Dose-Response Effect of Elevated Plasma Free Fatty Acid on Insulin Signaling

  1. Renata Belfort1,
  2. Lawrence Mandarino123,
  3. Sangeeta Kashyap1,
  4. Kelly Wirfel1,
  5. Thongchai Pratipanawatr1,
  6. Rachele Berria1,
  7. Ralph A. DeFronzo14 and
  8. Kenneth Cusi14
  1. 1Diabetes Division, Department of Medicine, the University of Texas Health Science Center at San Antonio, San Antonio, Texas
  2. 2Diabetes Division, Department of Biochemistry, the University of Texas Health Science Center at San Antonio, San Antonio, Texas
  3. 3Diabetes Division, Department of Physiology, the University of Texas Health Science Center at San Antonio, San Antonio, Texas
  4. 4Audie L. Murphy Veterans Administration Medical Center, San Antonio, Texas
  1. Address correspondence and reprint requests to Kenneth Cusi, MD, University of Texas Health Science Center at San Antonio, Diabetes Division, 7703 Floyd Curl Dr., San Antonio, TX 78229. E-mail: cusi{at}uthscsa.edu

Abstract

The dose-response relationship between elevated plasma free fatty acid (FFA) levels and impaired insulin-mediated glucose disposal and insulin signaling was examined in 21 lean, healthy, normal glucose-tolerant subjects. Following a 4-h saline or Liposyn infusion at 30 (n = 9), 60 (n = 6), and 90 (n = 6) ml/h, subjects received a 2-h euglycemic insulin (40 mU · m−2 · min−1) clamp. Basal plasma FFA concentration (∼440 μmol/l) was increased to 695, 1,251, and 1,688 μmol/l after 4 h of Liposyn infusion and resulted in a dose-dependent reduction in insulin-stimulated glucose disposal (Rd) by 22, 30, and 34%, respectively (all P < 0.05 vs. saline control). At the lowest lipid infusion rate (30 ml/h), insulin receptor and insulin receptor substrate (IRS)-1 tyrosine phosphorylation, phosphatidylinositol (PI) 3-kinase activity associated with IRS-1, and Akt serine phosphorylation were all significantly impaired (P < 0.05–0.01). The highest lipid infusion rate (90 ml/h) caused a further significant reduction in all insulin signaling events compared with the low-dose lipid infusion (P < 0.05–0.01) whereas the 60-ml/h lipid infusion caused an intermediate reduction in insulin signaling. However, about two-thirds of the maximal inhibition of insulin-stimulated glucose disposal already occurred at the rather modest increase in plasma FFA induced by the low-dose (30-ml/h) lipid infusion. Insulin-stimulated glucose disposal was inversely correlated with both the plasma FFA concentration after 4 h of lipid infusion (r = −0.50, P = 0.001) and the plasma FFA level during the last 30 min of the insulin clamp (r = −0.54, P < 0.001). PI 3-kinase activity associated with IRS-1 correlated with insulin-stimulated glucose disposal (r = 0.45, P < 0.01) and inversely with both the plasma FFA concentration after 4 h of lipid infusion (r = −0.39, P = 0.01) and during the last 30 min of the insulin clamp (r = −0.43, P < 0.01). In summary, in skeletal muscle of lean, healthy subjects, a progressive increase in plasma FFA causes a dose-dependent inhibition of insulin-stimulated glucose disposal and insulin signaling. The inhibitory effect of plasma FFA was already significant following a rather modest increase in plasma FFA and develops at concentrations that are well within the physiological range (i.e., at plasma FFA levels observed in obesity and type 2 diabetes).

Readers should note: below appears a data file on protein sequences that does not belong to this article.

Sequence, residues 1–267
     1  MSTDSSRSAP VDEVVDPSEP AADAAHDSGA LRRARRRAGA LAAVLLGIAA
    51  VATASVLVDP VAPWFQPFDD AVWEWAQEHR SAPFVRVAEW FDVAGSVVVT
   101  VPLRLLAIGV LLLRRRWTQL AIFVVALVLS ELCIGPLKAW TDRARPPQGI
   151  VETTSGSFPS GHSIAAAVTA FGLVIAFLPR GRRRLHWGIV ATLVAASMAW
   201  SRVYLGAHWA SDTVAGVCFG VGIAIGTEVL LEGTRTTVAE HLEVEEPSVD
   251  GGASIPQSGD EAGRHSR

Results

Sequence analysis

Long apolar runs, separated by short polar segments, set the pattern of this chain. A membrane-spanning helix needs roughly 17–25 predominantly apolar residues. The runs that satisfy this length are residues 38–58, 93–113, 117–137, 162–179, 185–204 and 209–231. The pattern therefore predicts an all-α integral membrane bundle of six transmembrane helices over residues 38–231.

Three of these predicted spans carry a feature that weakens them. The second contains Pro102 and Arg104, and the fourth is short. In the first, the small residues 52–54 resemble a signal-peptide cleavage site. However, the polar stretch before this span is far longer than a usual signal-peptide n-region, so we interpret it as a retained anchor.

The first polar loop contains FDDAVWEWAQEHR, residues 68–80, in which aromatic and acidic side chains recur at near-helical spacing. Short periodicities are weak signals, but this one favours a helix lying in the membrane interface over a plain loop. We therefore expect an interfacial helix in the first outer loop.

Footnotes

  • The costs of publication of this article were defrayed in part by the payment of page charges. This article must therefore be hereby marked “advertisement” in accordance with 18 U.S.C. Section 1734 solely to indicate this fact.

    • Accepted March 2, 2005.
    • Received October 9, 2004.
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